The relative strength of gravity and electromagnetic forces is obvious — stand on a sheet of paper, and even with the whole of Earth pulling, your motion is stopped by the electric fields inside that sheet of paper.
This is often phrased as "gravity is the weakest of all forces" or some variant thereof. This seems equivalent to saying "the mass-to-charge ratio of fundamental particles is such that charge dominates".
My problem with phrasing it as "gravity is the weakest" is that different particles have different mass-to-charge ratios: according to this chart on Wikipedia, mass-to-charge ratios vary by over 6 orders of magnitude, even if you exclude massive neutral particles like the neutrinos where gravity is infinitely stronger.
With such a wide range of mass-to-charge ratios, why is the question usually phrased as being about the strength of forces? Why invoke extra dimensions for gravity to leak into (for example) when one also needs to explain an extra factor of -5.588×10^6 between top quarks and electrons? (I'm assuming that infinities would get explained away differently, but perhaps not?)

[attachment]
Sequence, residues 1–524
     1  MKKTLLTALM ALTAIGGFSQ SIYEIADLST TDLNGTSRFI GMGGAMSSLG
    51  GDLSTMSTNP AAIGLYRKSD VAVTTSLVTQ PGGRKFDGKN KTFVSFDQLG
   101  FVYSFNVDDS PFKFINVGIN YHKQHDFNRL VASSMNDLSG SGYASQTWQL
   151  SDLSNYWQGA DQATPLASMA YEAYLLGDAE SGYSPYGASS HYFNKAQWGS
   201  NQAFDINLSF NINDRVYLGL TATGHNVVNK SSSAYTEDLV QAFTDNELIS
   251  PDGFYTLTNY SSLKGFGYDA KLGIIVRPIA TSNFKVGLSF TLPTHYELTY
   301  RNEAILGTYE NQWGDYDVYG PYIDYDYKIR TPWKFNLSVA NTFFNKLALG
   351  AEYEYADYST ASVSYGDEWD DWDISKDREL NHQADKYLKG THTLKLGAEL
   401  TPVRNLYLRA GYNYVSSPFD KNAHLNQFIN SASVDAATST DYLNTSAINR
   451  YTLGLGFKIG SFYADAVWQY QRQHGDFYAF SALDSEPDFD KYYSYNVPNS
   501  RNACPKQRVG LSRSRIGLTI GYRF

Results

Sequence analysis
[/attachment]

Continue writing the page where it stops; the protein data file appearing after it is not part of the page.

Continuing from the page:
(Hope this isn't a duplicate, my searching mainly showed a lot of "why is gravity weak?" type questions, which isn't what I'm curious about — I want to know why phrasing it like that is seen as the best way of thinking about the problem).